Safe or Out?

Safe or Out?

Posted by Kevin Harris on June 21, 2018

Today’s post comes from Radical Mentoring Executive Director Kevin Harris . . .

For the first part of my summer, I get to travel to different local baseball parks to watch my two sons play. It is a great experience for our family . . . we get to watch our boys do something they love, and we get to know the other families on the team.

One downside is watching how other parents react throughout the game . . . specifically toward the umpires. Here are a few observations . . .

  1. Strike zones are entirely arbitrary: We have yet to have a game with the same strike zone. Different umpires bring different perspectives, primarily based on their vantage point.
  2. No one agrees with the umpire: Rarely, do you thank the umpire for making the right call. If your child is at bat, you won’t like his calls. If your team is at bat, you won’t agree with him. Even when the other team bats, the ump still can’t get it right.
  3. Umpires need conviction: The best umpires are the ones who make their calls with authority and conviction. I’ve never seen an umpire ask a coach, parent, or player what they think happened on the last play or the last pitch.

At the end of the day, the umpire’s humanity gives us the ability to criticize. Because they are made of skin and bones like the rest of us, fans, players, and parents assume they have superior vision, a higher IQ, and better decision-making skills than the umps.

What about you and me? According to research, the average adult makes 35,000 decisions each day (the majority of which we make in isolation). What we eat, what we wear, what we believe, what we buy, what our children watch or listen to . . . whether or not we keep reading this post. It is pretty easy to see how the decisions add up.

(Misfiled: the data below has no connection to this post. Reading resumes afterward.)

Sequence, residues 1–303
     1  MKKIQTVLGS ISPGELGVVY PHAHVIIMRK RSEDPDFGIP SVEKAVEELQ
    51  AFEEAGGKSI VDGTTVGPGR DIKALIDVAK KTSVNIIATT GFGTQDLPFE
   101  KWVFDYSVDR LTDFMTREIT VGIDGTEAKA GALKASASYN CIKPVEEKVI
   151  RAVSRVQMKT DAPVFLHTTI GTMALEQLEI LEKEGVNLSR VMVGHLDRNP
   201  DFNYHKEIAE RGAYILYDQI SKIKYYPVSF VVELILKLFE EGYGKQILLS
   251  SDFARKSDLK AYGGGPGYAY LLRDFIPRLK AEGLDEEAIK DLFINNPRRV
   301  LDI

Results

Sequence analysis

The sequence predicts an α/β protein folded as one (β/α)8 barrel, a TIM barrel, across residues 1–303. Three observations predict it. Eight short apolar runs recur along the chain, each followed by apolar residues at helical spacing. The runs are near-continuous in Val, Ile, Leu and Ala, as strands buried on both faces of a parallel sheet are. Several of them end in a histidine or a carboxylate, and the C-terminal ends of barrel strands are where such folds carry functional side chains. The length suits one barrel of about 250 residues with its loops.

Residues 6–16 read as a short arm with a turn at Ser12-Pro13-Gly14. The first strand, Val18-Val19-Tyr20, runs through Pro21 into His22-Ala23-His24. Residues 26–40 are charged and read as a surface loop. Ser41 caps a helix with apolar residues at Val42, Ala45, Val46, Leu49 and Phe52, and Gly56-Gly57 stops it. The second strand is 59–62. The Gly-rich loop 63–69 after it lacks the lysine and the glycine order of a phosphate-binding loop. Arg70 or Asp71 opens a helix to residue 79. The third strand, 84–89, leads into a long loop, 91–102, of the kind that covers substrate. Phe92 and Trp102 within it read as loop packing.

When it comes to big decisions, what steps do we take to ensure we make the wise choice? Do we ask for a second opinion? Do we do hours of research? Do we filter our decisions through a personal mission statement?

Recently, I chose to back out of a speaking engagement for an organization I love. A series of family events needed my time and energy. It was a tough call, but I know I made the right decision. As I share with the men in my mentoring groups, no one else can be the father your children need or the husband your wife desires. That job belongs to you alone.

Colossians 3:15 tells us to “let the peace of Christ rule in [our] hearts.” The word ‘rule’ in this verse means “to judge.” More specifically, it translates to the Greek ‘brabeuo,’ which refers to the person who umpires athletic competitions.

So, when we can’t seem to find peace about the next big decision, we need to remember this Scripture and lean into God’s peace. No decision is too insignificant for Him. And unlike the umpires, his responses aren’t arbitrary, they are always worth agreeing with, and they always come with authority and conviction. He cares because

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